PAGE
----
Did you know that Visual Studio includes a WCF Test Client? No? It’s very useful for testing out various services, especially SOAP ones. RESTful services are much easier to test as you just need a browser, but SOAP requires some sort of client.
Browse to the following path (note, this is Visual Studio 2013, adjust the 12.0 to whatever version you have):
C:\Program Files (x86)\Microsoft Visual Studio 12.0\Common7\IDE
Once you’re there look for the icon shown in figure 1.
Now, while this is a useful tool, it’s so unintuitive, it’s not funny. One of the stumbling points has to do with Arrays so let’s look at this example.
Fun With Arrays
Connect to a service, and you’re given a tree-view of the methods that you can call on the service. So far, so good. If you click on a method, then you’re given the opportunity to add test values and then execute it to get the result. But wait, what do we have here? Our service takes an array of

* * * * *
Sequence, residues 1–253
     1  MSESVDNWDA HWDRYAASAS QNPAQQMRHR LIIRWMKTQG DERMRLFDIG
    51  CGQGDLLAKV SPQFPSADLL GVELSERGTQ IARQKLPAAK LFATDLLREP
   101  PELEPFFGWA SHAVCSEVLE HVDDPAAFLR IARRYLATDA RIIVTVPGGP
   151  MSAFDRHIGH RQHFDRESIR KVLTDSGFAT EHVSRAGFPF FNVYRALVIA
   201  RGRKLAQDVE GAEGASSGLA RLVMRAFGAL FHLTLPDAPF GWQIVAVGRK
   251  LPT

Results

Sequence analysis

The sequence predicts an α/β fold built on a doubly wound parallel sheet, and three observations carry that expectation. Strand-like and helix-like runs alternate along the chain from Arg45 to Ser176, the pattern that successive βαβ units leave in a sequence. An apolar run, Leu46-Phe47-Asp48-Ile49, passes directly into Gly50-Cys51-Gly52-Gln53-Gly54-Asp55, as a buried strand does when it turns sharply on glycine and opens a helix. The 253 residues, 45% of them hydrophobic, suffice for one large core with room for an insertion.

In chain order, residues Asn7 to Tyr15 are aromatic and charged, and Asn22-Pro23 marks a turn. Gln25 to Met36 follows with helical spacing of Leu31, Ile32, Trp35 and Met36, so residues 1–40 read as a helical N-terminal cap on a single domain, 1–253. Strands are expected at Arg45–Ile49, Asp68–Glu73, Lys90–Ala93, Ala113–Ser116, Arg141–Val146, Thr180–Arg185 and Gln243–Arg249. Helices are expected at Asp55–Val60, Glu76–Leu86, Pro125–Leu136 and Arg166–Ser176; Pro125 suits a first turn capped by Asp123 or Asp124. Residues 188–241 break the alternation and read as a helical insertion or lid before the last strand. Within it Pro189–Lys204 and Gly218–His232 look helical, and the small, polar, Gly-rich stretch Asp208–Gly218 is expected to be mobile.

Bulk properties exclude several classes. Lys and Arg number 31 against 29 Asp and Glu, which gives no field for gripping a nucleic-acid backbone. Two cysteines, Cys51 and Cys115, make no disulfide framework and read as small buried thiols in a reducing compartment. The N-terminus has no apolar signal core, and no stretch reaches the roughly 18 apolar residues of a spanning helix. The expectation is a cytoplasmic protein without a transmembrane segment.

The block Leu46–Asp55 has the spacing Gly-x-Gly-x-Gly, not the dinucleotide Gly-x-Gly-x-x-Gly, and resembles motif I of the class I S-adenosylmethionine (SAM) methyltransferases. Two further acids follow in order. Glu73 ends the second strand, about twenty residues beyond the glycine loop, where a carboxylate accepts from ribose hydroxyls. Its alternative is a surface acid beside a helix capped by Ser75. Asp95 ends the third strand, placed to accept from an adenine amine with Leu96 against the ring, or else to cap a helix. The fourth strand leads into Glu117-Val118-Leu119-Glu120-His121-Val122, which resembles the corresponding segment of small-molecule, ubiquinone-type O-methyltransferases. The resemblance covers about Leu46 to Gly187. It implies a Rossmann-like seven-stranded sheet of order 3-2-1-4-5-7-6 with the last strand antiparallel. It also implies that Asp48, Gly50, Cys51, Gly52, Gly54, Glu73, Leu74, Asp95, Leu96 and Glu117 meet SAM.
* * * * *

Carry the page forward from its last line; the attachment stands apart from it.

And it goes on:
ints, what’s this weird
length=0 stuff. Oh, of course we don’t have any items yet (Figure 02).
So let’s see here. What happens if we select the length. Hmmm, a drop-down, good… Awww, it’s a drop-down to null (Figure 03).
Hmm, ok. Well, I just want to pass a single
int anyway, what happens if I enter a
1 in the box. D’oh! Error. (Figure 04).
Ok, so that doesn’t work either. What am I to do to get this work? So intuitive, right!? Well, if you hadn’t guessed it, we need to change the text
length=1. Now we get a little arrow next to the Attribute name (Figure 05).
Now, if you expand out the attribute, you’ll see you have a place to enter your values. Sweet! (Figure 06)
I’m not the first one to stumble on this, and I’m sure I won’t be the last. I ended up finding other posts on the topic, but I figured another one on the web couldn’t hurt. Hopefully this saves you from banging your head against a wall the next time you use the “Ultra Intuitive” WCF Test Client.